Point 4.Even the Taliban follow through consistent with their belief.Its what happens when people have strong overbearing beliefs in things.Kim Jong-il follows through today too,even if most of us see his beliefs are mostly connected to total madness.Does it matter to Kim Jong-il that many other countries place embargo or prohibition against him,does this modern day persecution help in curtailing his faith.Not really,if anything it make both Kim Jong-il and the Taliban push onward,why then would we have reason to expect any less of the Christian movement.

Point 5.

I fail to see any evidence of a lack of motive or gain with regards to Christian movement.

For starters Christian believed in a afterlife with heaven and hell, and that ancient thought has been enough to motivate plenty of people.Dishonesty isnt often thought the biggest crime either, specially if it helps in retaining many faithful in faith,i see no good reason this should be thought any less likely in days of old with ancient Christians.Use of deceit for the purpose of furthering the future faith practices,seems to have often been thought a very forgivible sin.A sin with great honour.

Conclusions about gain are held in the eye of the faithful beholder.Members of the Taliban that flew planes through the twin towers,in all honesty gained little more than death, yet surely they must have felt they had much more to gain.Kim Jong-il drags his country further into poverty,yet Kim Jong-il must feel its about some sort of gain.

In time to come there may very well even be, more good reasons to see the Kim Jong-il account as being more historically true, than there are for the historical accounts of Christianity.

But it will simply have far more to do with "how much" the movement happens to effect us all,how strong the impression mark is it leaves behind it as a legacy.

Faithful folks wondering why and trying to understand how the christian movement might have ever managed to prevail against all odds, through times of attack and extensive persecution according to their faith,really need look no further than the modern day Taliban ,a band of a few desert stragglers who sadly still manage to defy the might of many very much stronger forces than themselves.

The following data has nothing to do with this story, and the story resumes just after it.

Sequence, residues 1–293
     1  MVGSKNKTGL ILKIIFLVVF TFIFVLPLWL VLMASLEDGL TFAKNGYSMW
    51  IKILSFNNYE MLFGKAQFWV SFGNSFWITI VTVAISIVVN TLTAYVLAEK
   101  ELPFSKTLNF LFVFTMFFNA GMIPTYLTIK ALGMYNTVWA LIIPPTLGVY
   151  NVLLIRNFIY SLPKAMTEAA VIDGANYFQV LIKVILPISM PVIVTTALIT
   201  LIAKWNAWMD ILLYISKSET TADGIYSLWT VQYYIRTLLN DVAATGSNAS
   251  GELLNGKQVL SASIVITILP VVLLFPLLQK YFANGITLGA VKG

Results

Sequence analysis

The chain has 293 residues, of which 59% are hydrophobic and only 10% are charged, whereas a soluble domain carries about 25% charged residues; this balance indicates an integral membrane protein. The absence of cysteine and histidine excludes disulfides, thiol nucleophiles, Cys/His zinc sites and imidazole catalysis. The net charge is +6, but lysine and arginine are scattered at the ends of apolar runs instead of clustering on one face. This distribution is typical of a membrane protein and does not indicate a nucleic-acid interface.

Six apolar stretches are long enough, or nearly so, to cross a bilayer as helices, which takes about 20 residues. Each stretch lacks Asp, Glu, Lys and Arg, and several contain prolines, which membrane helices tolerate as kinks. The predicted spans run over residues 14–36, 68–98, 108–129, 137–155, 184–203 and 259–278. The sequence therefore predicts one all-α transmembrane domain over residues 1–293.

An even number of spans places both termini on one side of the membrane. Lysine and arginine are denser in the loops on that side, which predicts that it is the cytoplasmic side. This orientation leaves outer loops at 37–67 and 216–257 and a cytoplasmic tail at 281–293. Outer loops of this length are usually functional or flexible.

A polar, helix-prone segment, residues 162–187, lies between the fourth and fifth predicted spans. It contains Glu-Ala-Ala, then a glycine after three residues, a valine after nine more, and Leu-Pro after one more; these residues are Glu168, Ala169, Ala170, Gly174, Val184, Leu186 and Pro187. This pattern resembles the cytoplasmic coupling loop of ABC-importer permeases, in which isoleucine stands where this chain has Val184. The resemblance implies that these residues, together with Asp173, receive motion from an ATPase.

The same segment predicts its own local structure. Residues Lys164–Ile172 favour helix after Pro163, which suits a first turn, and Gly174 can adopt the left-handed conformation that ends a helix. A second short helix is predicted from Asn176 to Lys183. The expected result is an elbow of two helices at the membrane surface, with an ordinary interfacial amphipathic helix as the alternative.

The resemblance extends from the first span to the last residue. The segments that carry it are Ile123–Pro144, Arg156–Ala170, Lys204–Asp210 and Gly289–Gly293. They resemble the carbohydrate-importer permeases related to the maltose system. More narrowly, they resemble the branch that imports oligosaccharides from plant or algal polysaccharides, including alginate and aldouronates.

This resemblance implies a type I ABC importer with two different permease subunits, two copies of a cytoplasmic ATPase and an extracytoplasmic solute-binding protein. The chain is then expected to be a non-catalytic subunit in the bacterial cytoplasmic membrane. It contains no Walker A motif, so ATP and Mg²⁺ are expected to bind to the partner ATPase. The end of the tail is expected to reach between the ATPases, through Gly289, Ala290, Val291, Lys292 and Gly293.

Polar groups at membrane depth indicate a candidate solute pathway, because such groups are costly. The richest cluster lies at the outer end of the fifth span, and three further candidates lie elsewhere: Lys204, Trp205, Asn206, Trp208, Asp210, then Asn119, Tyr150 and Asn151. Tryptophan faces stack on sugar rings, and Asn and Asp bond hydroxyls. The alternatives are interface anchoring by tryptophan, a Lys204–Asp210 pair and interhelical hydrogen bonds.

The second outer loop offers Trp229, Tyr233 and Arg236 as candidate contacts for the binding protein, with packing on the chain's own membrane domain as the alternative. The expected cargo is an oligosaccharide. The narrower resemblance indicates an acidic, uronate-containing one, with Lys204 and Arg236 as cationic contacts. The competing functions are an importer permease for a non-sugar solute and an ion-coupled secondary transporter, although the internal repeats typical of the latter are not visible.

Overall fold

Does this mean God is with the Taliban,no it doesnt.But still you can be sure many followers will believe thats exactly what it means.In much the very same way Christians do.A natural explanation.

Steven Carr said...

BDK
...that if giving a naturalistic explanation of something is harder, then it is more likely that an alternative non-naturalistic explanation is more likely to be true.

CARR

In other words, the crazier the belief , the more firmly Victor thinks it is true....


And if there are independent sources, then it must be true.

After all, if 4 Scientologists say something , it must be true.

Blue Devil Knight said...

It does smack a bit of Dembski's filter, which has well-known flaws. OTOH, Dembski's filter is passive: by virtue of having no explanation of X, that is evidence that it is the product of design (e.g., magnetic field reversal in the earth).

Victor is different, in that he says he has an alternative explanation (i.e., that Jesus did actually rise from the dead), and this gains support as he eliminates alternative naturalistic explanations (assuming it has any initial plausibility whatsoever--obviously this depends on your priors--we could say that aliens kidnapped Jesus after all).

It is hard to avoid the conclusion that the resurrection details form an intellectual Rorschach test, as they so underdetermine the actual facts of the matter.